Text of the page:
Dear Young Neuroscientists,
The BraYn Association and the BraYn Conference team warmly welcome you to the 4th Brainstorming Research Assembly for Young Neuroscientists, the BraYn conference.
Inspired and organized by researchers under the age of 40 from different scientific backgrounds, the focus of the BraYn conference is to promote brand-new collaborative connections between the potential future leaders of Neuroscience. The conference philosophy is simple: to meet, to connect, to collaborate, and to share. We need to encourage cooperation between different research groups in order to broaden our horizons and to improve the quality of our research.
By hosting neuroscientists from all around the world, our goal is to make the BraYn conference a flagship event for young European researchers, where novel national and international research networks will be built to improve future research activities. This goal was fully achieved in past BraYn conferences, and we want to continue on this path in the future.
In addition to the traditional sessions on neurodegeneration, neuro-oncology, neuroinflammation, and neurophysiology & neural plasticity, this year we included two new sessions in the scientific program: neuroimaging and paediatric neuroscience & epilepsy. These sessions were added to meet the needs and the interests of researchers working in the clinical field.
Nearly 600 delegates attended the BraYn 2020 online conference. Unfortunately, because of ongoing restrictions related to the COVID-19 pandemic, it is not yet possible for us to fully and freely accept everyone registering for the BraYn conference. Nevertheless, we will continue to do our best to ensure that everyone who wishes to participate can do so.
We are looking forward to welcoming you at the 4th BraYn conference!
The BraYn Staff
Neuroimaging consists in using various techniques to image the structure, function, or physiology of the nervous system. It is subdivided into two main approaches: Structural imaging, which deals with the structure of the nervous system and the diagnosis of a large-scale intracranial disease (like tumors, multiple sclerosis lesions, stroke) and injuries (like traumatic brain injury); Functional imaging, which is used to diagnose metabolic diseases (like Alzheimer) and for neurological and cognitive psychology research as well as building brain-computer interfaces. The most commonly used techniques for neuroimaging are Computed tomography (CT), Diffuse optical imaging (DOI), Event-related optical signal (EROS), Magnetic resonance imaging (MRI), arterial spin labeling (ASL), Magnetoencephalography (MEG), electroencephalography (EEG), Positron emission tomography (PET), Single-photon emission computed tomography (SPECT) and cranial or functional ultrasound imaging. In this session, we will discuss the use of the mentioned techniques, both alone and in combination, to help in understanding and/or detecting various aspects of neurological diseases.
Neuroinflammation describes the inflammatory response initiated in the central nervous system (CNS) by resident cells or triggered by infiltrating immune cells. Furthermore, in neurodegenerative disease it is evident that neuroinflammation is a key player in central nervous system dysfunction. The neuroinflammation session is mainly devoted to basic and clinical research in multiple sclerosis (MS), Neuromyelitis Optica Spectrum Disorder (NMOSD) and other inflammatory disorders of the CNS which have a significant impact on the lives of young adults. Even though the scientific discoveries of recent decades have improved the therapeutic approach of those disease, there are still open questions. The aim of the present session will be to explore the pathogenic mechanisms, the role of immune system in the autoimmune response, the roles of genetics and environment in the development of neuroinflammatory disease and examine options within the patient-centered approach. This and other aspects will be debated in the present session.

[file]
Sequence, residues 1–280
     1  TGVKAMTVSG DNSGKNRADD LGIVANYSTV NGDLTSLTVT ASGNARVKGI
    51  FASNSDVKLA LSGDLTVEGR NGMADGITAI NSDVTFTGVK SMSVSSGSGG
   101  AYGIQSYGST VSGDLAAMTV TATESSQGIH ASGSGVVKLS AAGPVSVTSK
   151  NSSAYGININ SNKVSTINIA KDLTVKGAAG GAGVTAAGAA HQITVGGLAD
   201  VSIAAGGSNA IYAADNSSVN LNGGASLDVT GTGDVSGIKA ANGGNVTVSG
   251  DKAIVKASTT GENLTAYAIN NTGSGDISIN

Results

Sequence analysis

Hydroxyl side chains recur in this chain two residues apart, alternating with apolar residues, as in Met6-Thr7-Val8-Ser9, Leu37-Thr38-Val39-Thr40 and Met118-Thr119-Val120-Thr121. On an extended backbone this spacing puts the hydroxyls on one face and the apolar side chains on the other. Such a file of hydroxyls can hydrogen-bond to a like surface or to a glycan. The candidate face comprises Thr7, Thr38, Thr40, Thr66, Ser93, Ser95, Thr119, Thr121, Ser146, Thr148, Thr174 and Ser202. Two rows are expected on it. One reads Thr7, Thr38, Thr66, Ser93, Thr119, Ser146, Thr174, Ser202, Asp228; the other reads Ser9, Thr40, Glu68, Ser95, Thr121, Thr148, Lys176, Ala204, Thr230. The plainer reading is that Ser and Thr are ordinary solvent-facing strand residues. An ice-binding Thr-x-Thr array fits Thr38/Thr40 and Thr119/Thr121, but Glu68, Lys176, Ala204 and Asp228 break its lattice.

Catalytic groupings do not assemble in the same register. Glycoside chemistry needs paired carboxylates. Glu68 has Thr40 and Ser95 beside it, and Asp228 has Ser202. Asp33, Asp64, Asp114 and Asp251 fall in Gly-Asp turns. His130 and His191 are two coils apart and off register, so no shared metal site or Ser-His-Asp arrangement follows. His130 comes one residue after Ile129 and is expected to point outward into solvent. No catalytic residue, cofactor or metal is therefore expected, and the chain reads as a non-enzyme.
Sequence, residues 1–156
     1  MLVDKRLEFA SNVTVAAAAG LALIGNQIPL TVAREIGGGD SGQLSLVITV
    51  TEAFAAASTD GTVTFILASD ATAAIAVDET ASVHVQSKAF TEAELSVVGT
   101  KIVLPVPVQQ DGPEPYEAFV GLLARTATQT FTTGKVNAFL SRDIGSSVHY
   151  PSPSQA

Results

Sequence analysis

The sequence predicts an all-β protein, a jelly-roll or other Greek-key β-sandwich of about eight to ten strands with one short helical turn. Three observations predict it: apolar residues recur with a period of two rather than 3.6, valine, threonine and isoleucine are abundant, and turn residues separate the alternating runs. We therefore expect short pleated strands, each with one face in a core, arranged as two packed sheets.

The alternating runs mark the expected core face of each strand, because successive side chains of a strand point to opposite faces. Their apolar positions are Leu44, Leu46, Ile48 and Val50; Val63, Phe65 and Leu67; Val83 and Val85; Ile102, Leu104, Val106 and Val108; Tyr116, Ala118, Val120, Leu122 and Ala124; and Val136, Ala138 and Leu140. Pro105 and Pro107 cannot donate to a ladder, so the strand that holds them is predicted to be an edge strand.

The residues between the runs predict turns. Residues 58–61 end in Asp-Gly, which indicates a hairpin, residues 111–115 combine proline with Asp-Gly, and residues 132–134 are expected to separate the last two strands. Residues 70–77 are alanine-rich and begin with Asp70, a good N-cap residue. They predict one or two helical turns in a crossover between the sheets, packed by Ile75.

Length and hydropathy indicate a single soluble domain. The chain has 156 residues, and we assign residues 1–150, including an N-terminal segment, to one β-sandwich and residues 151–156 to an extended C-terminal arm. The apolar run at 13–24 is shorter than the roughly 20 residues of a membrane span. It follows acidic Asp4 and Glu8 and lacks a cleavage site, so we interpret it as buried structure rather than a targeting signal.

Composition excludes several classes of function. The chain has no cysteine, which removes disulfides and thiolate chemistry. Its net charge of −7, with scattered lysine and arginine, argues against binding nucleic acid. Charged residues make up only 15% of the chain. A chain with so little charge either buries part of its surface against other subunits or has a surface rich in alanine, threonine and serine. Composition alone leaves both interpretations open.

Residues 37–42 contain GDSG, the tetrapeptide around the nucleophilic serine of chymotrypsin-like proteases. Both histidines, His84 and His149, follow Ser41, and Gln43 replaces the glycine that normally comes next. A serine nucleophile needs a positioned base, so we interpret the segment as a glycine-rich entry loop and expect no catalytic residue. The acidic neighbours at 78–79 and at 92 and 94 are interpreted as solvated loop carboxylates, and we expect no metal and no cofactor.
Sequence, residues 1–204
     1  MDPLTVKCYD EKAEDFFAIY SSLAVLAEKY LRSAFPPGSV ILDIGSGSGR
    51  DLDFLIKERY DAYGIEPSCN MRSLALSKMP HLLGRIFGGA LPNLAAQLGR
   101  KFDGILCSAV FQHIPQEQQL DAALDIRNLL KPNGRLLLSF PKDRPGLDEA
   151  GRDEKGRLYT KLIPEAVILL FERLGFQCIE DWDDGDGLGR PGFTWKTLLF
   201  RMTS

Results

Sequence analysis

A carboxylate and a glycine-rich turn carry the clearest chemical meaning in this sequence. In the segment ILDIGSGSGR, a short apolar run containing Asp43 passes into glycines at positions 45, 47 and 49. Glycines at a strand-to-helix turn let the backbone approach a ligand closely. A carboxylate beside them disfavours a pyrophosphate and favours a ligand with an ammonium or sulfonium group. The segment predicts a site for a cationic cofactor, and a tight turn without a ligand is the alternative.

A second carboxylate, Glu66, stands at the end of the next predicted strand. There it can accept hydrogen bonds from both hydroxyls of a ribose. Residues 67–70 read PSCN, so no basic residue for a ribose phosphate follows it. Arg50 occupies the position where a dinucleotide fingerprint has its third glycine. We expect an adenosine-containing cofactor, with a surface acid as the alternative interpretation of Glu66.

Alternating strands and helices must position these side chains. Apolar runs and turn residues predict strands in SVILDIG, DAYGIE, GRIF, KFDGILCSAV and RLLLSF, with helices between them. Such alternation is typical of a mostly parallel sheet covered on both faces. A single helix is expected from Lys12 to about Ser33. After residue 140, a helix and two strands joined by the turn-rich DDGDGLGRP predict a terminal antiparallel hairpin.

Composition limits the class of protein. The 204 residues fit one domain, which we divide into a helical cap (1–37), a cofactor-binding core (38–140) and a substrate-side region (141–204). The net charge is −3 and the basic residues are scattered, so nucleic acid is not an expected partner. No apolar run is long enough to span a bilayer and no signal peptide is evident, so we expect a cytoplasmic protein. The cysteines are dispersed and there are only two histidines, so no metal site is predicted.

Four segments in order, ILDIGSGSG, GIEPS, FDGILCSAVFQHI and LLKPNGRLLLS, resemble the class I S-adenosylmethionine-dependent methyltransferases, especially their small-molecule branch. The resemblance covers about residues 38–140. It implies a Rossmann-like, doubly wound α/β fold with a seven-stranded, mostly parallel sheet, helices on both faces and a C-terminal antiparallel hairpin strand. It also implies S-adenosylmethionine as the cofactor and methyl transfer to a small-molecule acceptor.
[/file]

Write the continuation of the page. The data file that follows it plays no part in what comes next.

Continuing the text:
Neurodegeneration is a key aspect of a large number of diseases characterized by progressive damage of the nervous system, which leads to irreversible neuronal death such as, but not limited to, Parkinson’s disease (PD) and Alzheimer’s disease (AD), tauopathies narcolepsy, depression and psychiatric disorders. PD is a slowly progressive syndrome that begins insidiously, gradually worsens in severity, and usually affects one side of the body before spreading to involve the other side. Rest tremor is often the first symptom recognized by the patient. But the illness sometimes begins with bradykinesia, and in some patients, tremor may never develop. AD is the most common type of dementia and it is an irreversible, neurodegenerative and progressive central nervous system disorder that slowly destroys memory and thinking skills, and, eventually, other mental abilities. During the BraYn conference we will be updated on the more recent advances in the field.
Neuro-oncology is an emerging field of investigation that studies nervous system tumors. As many of them can cause severe nervous system damage, neuro-oncology represents a trending research area in neuroscience, which may identify the molecular mechanisms involved in tumor pathogenesis. This would ultimately lead to the development of novel therapeutic approaches for the treatment of life-threatening diseases such as glioma, medulloblastoma. These topics will be discussed in depth during the session.
Paediatric neuroscience is a branch studying neurodevelopment and its disorders. The session will focus on biological mechanisms underlying developmental and epileptic encephalopathies, including genetic disorders and their management and treatment implications.